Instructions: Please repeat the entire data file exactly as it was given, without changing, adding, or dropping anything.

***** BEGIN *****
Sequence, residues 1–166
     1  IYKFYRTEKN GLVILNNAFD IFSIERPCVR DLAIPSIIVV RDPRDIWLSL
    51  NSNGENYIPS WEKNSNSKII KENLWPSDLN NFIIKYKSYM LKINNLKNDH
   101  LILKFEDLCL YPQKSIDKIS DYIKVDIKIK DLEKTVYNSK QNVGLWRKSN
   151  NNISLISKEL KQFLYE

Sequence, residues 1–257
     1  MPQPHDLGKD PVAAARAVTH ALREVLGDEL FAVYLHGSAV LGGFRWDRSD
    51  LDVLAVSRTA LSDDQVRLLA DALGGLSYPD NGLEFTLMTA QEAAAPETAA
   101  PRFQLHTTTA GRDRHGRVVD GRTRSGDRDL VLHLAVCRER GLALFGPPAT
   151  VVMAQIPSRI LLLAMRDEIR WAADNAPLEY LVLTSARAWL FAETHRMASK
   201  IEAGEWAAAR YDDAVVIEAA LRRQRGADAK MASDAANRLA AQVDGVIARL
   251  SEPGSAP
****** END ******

Sequence, residues 1–166
     1  IYKFYRTEKN GLVILNNAFD IFSIERPCVR DLAIPSIIVV RDPRDIWLSL
    51  NSNGENYIPS WEKNSNSKII KENLWPSDLN NFIIKYKSYM LKINNLKNDH
   101  LILKFEDLCL YPQKSIDKIS DYIKVDIKIK DLEKTVYNSK QNVGLWRKSN
   151  NNISLISKEL KQFLYE

Sequence, residues 1–257
     1  MPQPHDLGKD PVAAARAVTH ALREVLGDEL FAVYLHGSAV LGGFRWDRSD
    51  LDVLAVSRTA LSDDQVRLLA DALGGLSYPD NGLEFTLMTA QEAAAPETAA
   101  PRFQLHTTTA GRDRHGRVVD GRTRSGDRDL VLHLAVCRER GLALFGPPAT
   151  VVMAQIPSRI LLLAMRDEIR WAADNAPLEY LVLTSARAWL FAETHRMASK
   201  IEAGEWAAAR YDDAVVIEAA LRRQRGADAK MASDAANRLA AQVDGVIARL
   251  SEPGSAP